Intuitively, it is tempting to think that a child who has an elder brother or sister will grow up in a stimulating linguistic environment and will develop their language skills faster than the family's firstborn. However, several studies have shown the contrary: the acquisition of language in a child with an elder sibling is reported to be slower than a child who has none.
What is even more surprising is that apparently only elder brothers impact the language skills of their younger siblings, as a study conducted by a research team from the CNRS, the AP-HP, the EHESS, the ENS and the INSERM has just shown. The study finds that children who have grown up with an elder sister have identical development to children with no elder sibling.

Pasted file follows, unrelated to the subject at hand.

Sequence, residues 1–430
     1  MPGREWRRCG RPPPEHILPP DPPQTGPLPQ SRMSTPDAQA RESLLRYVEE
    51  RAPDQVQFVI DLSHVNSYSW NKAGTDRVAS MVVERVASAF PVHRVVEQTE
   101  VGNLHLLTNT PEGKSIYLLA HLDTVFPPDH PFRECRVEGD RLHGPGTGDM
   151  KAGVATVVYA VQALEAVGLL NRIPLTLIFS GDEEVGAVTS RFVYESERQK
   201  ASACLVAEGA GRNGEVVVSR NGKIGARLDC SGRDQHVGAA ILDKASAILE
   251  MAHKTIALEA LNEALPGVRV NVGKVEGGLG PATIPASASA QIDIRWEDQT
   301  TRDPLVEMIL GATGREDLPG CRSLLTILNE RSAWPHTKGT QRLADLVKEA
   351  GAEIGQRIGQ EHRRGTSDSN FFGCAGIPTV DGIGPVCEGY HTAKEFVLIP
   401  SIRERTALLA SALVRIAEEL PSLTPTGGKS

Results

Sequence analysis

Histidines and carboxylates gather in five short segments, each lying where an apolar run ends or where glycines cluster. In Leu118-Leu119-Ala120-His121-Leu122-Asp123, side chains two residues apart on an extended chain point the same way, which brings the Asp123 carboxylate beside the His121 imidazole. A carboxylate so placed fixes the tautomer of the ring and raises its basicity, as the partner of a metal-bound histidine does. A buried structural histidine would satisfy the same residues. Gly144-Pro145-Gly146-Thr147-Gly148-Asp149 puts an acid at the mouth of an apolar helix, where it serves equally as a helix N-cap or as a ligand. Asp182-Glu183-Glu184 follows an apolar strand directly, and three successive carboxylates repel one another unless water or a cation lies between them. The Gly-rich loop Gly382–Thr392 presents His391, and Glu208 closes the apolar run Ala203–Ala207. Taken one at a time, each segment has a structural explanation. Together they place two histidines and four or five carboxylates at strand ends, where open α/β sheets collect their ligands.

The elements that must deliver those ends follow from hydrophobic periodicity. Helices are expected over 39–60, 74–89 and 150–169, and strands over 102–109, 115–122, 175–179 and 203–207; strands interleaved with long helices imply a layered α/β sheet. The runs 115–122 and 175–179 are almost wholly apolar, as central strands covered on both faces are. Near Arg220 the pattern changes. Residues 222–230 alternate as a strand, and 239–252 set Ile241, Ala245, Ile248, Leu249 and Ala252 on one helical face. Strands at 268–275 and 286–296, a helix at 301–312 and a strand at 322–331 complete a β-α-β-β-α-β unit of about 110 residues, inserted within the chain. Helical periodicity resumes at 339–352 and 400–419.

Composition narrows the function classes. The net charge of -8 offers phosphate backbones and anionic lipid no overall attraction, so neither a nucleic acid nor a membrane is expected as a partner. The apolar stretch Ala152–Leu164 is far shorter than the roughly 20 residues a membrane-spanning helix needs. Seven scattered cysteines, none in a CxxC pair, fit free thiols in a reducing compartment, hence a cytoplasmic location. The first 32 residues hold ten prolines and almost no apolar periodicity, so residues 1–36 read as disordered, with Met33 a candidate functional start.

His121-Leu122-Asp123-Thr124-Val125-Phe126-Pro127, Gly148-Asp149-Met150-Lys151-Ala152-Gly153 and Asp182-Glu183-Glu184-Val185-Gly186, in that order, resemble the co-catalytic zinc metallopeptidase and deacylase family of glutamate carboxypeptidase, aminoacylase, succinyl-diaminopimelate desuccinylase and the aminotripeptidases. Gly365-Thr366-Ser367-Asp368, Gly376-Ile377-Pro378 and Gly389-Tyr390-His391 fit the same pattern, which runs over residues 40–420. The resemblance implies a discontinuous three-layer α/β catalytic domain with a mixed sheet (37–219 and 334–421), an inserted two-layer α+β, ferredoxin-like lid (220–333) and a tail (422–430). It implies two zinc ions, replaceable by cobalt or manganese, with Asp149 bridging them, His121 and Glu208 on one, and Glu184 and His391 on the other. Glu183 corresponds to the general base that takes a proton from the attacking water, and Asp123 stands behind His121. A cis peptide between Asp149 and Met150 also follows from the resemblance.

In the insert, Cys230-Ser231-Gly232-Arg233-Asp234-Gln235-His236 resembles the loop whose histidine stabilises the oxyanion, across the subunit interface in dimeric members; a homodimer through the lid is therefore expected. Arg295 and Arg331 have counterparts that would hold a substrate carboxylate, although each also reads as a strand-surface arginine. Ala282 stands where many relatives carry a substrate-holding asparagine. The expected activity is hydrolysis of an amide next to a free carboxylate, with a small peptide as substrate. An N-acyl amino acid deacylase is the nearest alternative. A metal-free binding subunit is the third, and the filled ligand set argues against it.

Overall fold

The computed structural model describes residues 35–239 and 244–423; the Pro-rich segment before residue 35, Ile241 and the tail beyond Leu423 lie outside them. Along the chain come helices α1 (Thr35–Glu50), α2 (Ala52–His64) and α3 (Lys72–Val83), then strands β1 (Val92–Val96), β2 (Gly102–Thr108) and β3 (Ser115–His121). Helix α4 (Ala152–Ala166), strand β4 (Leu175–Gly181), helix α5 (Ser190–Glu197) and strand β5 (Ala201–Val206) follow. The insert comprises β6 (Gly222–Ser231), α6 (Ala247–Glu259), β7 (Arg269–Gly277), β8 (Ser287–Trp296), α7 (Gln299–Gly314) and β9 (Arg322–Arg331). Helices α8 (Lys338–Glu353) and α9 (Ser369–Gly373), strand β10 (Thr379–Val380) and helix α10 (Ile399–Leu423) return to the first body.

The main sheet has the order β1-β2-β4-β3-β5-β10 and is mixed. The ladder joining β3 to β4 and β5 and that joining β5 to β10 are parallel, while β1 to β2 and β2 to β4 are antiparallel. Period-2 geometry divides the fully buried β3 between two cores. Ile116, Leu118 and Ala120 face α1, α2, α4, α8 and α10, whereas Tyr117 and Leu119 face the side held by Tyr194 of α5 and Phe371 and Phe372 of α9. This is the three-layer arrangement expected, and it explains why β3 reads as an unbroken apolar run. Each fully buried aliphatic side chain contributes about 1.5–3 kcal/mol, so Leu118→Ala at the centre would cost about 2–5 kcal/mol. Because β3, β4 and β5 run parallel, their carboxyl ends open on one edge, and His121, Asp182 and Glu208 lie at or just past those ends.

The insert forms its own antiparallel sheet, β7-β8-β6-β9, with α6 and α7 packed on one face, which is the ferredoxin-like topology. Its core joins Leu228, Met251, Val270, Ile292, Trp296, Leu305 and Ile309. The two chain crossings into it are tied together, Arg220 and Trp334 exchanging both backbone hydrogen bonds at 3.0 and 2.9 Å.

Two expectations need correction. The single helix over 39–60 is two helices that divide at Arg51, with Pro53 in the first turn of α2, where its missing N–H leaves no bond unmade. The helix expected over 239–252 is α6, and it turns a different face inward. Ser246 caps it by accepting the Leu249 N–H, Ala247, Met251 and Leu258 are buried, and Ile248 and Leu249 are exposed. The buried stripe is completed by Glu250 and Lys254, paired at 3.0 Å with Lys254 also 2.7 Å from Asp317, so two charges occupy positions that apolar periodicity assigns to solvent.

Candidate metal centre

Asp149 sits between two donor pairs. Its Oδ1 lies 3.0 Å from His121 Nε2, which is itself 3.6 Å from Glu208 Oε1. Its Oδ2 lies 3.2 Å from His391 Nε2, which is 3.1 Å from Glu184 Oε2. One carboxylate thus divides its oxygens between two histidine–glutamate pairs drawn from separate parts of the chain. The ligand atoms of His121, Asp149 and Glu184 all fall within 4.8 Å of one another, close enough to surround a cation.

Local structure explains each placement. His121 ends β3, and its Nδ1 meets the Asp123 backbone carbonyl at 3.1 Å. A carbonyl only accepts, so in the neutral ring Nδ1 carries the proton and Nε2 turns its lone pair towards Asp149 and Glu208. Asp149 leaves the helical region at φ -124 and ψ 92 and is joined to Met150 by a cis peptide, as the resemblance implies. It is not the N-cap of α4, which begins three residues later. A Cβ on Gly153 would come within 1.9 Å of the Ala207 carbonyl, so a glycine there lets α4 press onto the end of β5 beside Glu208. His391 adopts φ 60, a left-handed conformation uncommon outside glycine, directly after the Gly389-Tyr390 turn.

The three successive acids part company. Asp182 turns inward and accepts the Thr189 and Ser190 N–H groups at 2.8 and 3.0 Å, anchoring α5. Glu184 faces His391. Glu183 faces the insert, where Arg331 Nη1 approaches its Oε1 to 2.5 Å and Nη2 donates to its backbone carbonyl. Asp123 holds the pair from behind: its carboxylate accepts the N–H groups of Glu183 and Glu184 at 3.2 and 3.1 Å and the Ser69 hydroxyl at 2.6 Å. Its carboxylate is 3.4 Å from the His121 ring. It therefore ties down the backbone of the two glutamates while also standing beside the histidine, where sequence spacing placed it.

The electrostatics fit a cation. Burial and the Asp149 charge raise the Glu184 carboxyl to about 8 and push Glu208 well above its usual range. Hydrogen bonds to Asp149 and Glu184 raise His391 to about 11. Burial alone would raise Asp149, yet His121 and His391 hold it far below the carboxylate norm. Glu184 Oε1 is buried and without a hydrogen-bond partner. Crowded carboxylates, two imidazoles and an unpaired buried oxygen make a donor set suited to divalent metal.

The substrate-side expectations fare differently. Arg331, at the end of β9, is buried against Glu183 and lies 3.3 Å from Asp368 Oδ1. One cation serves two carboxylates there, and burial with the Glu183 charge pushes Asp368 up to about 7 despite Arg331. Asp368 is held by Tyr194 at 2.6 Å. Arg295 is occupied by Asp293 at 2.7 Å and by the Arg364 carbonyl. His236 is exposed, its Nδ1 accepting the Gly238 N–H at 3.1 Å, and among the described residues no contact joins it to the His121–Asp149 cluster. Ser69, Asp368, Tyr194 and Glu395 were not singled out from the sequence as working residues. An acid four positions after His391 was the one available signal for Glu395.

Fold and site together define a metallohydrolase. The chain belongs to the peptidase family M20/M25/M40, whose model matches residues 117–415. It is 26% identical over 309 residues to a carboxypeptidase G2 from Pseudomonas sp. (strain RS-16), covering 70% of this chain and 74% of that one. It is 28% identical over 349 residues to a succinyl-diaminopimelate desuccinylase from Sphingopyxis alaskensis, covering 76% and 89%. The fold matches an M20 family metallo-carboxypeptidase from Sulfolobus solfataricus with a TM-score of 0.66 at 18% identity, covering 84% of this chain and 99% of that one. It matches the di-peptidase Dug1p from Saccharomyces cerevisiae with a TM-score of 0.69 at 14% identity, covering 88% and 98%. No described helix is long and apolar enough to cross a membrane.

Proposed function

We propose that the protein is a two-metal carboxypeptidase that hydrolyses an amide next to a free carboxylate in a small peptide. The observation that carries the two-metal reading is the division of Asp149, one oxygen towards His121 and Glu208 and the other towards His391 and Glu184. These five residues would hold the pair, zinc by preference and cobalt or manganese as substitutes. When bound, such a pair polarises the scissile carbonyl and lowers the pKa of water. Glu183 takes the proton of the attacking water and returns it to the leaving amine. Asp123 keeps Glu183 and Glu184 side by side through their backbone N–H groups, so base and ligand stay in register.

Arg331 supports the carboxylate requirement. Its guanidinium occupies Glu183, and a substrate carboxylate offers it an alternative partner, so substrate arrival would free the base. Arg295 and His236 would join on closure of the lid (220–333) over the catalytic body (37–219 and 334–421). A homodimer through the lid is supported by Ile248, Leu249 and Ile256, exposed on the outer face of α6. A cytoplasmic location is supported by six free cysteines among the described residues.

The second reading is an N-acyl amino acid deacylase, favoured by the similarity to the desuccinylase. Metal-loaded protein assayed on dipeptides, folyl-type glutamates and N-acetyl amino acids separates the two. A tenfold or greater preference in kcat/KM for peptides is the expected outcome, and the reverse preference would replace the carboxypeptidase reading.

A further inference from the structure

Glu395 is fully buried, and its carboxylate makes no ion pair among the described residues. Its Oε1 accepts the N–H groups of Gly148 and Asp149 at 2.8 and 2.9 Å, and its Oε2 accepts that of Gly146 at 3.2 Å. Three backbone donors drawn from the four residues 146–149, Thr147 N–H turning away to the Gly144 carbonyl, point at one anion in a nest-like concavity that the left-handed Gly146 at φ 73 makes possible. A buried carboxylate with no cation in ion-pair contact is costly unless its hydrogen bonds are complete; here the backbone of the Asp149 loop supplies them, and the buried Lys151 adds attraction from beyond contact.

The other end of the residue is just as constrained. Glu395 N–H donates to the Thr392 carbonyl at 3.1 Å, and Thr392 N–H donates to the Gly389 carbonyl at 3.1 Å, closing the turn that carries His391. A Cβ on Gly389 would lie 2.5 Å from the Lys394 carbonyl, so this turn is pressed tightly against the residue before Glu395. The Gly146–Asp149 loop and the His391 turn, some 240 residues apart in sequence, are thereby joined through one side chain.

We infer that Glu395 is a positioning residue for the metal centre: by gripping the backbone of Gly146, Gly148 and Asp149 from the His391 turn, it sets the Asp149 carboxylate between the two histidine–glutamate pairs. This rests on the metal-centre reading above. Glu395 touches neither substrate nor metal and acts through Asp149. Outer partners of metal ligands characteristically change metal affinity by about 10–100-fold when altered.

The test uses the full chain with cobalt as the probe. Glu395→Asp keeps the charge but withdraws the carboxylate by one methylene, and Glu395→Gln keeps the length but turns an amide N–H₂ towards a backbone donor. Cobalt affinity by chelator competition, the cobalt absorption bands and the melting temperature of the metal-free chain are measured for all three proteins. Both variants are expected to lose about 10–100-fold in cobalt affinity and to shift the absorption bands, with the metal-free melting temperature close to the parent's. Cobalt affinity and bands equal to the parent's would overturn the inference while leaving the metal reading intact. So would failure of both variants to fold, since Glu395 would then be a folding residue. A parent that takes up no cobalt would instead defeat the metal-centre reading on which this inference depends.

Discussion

More than 1000 children have been followed from birth to five and a half years old in the mother-child cohort EDEN*. Their language skills were evaluated at 2, 3 and 5.5 years old by tests measuring several aspects of language, such as vocabulary, syntax and verbal reasoning. Children who have an elder brother had on average a two-month delay in language development compared with children with an elder sister.
The scientists propose two hypotheses that may explain this result. The first is that elder sisters, in being more willing to talk to their younger siblings than brothers, may compensate for their parents being less available. Another hypothesis would be that elder sisters compete less than elder brothers for parental attention.
Though this study cannot separate these two hypotheses, it does show that early language development in a younger sibling tends to be slower when the elder is a boy. For their next project, the scientists want to examine the impact of culture (specifically geographical origin) on these results.
*- The EDEN cohort recruited families between 2003 and 2006 in the CHU in Nancy and Poitiers.